I wonder if Barry’s music has had an influence on a certain Mr. Thomas Adès? I’m aware that you were extremely unimpressed with Adès’ latest operatic effort, and I think I can hear some of Barry’s goofiness, and his love of inserting musical quotations, in that opera. Adès is after all one of Barry’s most vociferous champions…

    Personally I did find this piece quite funny, although I was definitely laughing at it and not with it. I wholly agree with your assessment of it; you really are getting good use out of that “unforgivable just crazily inept bullshit” tag this season. Indeed, as an Irishman myself, I almost feel the need to apologise on behalf of my country for this utter garbage.

    • 5:4

      i’ve generally found Adès’ music has a great deal more going for it (putting it mildly), and his tendency to clown around is very much more measured than Barry’s. Adès is hardly alone in praising Barry, though; as in centuries past, it seems the fool is a character that continues to garner a very particular kind of curious admiration.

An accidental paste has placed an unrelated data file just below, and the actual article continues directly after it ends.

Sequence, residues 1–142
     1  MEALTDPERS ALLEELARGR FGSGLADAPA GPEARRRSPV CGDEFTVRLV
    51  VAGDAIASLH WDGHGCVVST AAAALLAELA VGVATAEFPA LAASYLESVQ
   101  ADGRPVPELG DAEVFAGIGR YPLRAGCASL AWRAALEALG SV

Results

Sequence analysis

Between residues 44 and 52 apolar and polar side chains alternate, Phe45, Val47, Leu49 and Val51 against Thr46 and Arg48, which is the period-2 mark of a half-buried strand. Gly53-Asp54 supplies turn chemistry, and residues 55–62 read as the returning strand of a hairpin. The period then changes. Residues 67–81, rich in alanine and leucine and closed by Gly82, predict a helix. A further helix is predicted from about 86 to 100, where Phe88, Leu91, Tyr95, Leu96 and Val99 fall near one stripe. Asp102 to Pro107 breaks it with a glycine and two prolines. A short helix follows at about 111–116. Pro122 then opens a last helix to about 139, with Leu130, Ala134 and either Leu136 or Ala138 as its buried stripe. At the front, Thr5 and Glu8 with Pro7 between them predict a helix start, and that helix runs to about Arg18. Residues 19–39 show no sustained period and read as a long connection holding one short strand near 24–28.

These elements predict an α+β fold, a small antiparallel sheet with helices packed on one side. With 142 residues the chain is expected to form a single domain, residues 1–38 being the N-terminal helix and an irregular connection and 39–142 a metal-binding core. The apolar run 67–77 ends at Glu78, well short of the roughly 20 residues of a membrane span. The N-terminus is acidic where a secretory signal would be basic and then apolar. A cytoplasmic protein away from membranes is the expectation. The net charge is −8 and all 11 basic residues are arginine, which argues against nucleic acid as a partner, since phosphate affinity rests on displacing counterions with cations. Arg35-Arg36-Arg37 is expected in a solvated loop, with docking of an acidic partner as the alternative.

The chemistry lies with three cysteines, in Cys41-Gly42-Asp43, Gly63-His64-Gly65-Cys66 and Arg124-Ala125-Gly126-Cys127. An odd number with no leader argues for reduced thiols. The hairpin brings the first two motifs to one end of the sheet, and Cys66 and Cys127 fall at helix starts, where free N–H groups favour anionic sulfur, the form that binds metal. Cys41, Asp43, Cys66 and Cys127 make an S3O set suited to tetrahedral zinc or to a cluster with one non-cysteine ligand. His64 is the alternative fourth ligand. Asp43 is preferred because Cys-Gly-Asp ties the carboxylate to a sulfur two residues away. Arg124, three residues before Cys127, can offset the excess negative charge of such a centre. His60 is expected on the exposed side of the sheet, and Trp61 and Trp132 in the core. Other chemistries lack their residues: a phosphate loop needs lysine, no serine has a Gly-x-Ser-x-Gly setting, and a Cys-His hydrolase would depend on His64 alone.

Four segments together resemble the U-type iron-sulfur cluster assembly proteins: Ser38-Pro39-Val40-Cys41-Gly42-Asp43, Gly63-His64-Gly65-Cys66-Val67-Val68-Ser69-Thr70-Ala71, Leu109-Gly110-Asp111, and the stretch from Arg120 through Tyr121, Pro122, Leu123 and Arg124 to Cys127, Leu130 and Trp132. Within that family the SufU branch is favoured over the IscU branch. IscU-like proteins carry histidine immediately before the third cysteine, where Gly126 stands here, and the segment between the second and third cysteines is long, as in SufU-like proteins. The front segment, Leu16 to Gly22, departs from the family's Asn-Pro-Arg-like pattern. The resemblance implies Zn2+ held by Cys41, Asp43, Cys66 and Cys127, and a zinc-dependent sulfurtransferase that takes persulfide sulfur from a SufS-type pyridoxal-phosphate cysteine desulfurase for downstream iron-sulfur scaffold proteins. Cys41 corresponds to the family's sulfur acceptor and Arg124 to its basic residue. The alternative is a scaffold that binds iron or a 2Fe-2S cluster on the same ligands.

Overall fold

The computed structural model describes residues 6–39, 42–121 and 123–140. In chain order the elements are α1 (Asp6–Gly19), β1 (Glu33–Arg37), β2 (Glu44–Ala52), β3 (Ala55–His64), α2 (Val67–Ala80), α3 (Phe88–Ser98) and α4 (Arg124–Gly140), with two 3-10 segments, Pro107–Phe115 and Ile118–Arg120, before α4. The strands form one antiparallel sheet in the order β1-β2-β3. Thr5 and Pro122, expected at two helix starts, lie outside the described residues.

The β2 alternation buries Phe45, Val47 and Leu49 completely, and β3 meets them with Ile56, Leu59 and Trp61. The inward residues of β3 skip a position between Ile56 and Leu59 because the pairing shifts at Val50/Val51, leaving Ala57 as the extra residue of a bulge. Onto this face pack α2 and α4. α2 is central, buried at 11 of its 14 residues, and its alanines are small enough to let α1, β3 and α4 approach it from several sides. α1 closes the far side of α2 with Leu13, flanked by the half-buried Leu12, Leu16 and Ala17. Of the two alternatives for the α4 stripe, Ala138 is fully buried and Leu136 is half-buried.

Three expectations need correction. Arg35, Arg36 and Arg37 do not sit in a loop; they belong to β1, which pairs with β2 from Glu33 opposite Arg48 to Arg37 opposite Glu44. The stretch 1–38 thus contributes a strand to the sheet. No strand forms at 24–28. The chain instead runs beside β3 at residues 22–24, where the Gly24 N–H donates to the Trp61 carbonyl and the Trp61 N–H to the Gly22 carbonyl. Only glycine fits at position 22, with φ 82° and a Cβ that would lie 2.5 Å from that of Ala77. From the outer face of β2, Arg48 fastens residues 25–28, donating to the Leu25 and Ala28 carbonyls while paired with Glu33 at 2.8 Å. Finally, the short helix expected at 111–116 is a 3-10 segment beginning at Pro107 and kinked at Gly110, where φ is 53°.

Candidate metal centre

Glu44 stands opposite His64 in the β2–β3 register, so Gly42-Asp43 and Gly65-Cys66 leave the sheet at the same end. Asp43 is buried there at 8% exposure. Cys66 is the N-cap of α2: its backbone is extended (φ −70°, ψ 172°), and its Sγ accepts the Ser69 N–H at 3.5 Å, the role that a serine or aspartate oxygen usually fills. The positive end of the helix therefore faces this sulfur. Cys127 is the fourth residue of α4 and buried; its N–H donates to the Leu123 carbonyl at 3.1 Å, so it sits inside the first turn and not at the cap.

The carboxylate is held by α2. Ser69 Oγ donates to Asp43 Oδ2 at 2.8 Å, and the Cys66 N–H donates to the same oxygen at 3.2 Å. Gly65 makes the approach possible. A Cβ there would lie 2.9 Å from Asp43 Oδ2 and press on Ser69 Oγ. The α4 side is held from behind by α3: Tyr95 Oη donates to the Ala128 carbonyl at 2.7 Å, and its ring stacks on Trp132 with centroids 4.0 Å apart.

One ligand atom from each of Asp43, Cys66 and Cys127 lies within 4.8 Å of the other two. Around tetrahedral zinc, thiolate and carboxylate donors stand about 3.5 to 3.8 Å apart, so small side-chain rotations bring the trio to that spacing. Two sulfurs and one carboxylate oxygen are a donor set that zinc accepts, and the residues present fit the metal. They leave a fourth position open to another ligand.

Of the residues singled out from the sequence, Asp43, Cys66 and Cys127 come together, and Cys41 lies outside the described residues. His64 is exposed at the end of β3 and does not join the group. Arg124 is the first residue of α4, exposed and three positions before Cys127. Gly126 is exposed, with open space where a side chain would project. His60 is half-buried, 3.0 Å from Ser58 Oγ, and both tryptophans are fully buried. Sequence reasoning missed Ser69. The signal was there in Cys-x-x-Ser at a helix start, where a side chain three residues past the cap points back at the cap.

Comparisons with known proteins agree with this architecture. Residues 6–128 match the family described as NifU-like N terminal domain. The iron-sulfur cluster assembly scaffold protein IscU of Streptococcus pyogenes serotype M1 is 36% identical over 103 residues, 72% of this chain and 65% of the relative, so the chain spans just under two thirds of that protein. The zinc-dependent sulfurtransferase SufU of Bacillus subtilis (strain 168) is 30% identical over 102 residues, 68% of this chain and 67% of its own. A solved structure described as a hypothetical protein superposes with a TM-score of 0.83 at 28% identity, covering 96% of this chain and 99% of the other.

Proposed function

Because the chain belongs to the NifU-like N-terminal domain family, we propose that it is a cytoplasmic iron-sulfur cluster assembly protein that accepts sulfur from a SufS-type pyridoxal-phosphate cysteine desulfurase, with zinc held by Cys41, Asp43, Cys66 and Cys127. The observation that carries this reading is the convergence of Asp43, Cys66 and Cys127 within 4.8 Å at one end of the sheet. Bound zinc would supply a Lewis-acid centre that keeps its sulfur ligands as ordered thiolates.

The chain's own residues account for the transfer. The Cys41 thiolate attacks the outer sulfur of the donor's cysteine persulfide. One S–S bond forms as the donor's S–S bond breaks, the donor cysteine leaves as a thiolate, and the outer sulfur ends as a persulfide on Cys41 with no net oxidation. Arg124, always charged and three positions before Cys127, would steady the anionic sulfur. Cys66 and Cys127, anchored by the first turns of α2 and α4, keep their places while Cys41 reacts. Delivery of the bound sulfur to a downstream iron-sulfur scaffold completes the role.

4. Jen

    The lack of understanding you have for this piece and the degree to which it therefore infuriates you, just makes me confirm my love for it. Terrible review.

    • 5:4

      Thanks for the comment, Jen. i certainly wasn’t infuriated by it – at least, not once a little time had passed(!) — but as will have been clear, i did find it enormously irritating and frustrating.

      i’d be interested to hear what you thought of it, and where you thought my understanding was lacking.

  5. Bob

    I think it’s silly to write such a negative review of such a nothingy piece. Barry’s already an amazing composer, The Intelligence Park and Chevaux-de-frise are the best things since 1980 imo. ENO got similar reviews for Petra Von Kant in 2005 (?) from people who didn’t get it. It’s not for everyone, sure, but I think one’s reaction to his music says a lot about the listener. Some people get the joke, others get frustrated looking for a joke. I guess it depends how comfortable you are outside your musical comfort zone.

    • 5:4

      i think it’s silly to advocate anything other than giving good pieces positive reviews and bad pieces negative reviews. If the alternative is only to write positive reviews and avoid writing about the bad stuff, then i don’t think that’s a very meaningful or indeed truthful engagement with new music.

      And for what it’s worth, i don’t particularly have a musical comfort zone, and my reasons for disliking the Barry piece had nothing to do with such a non-existent zone. In general, absurdity and incomprehensibility are both fine by me.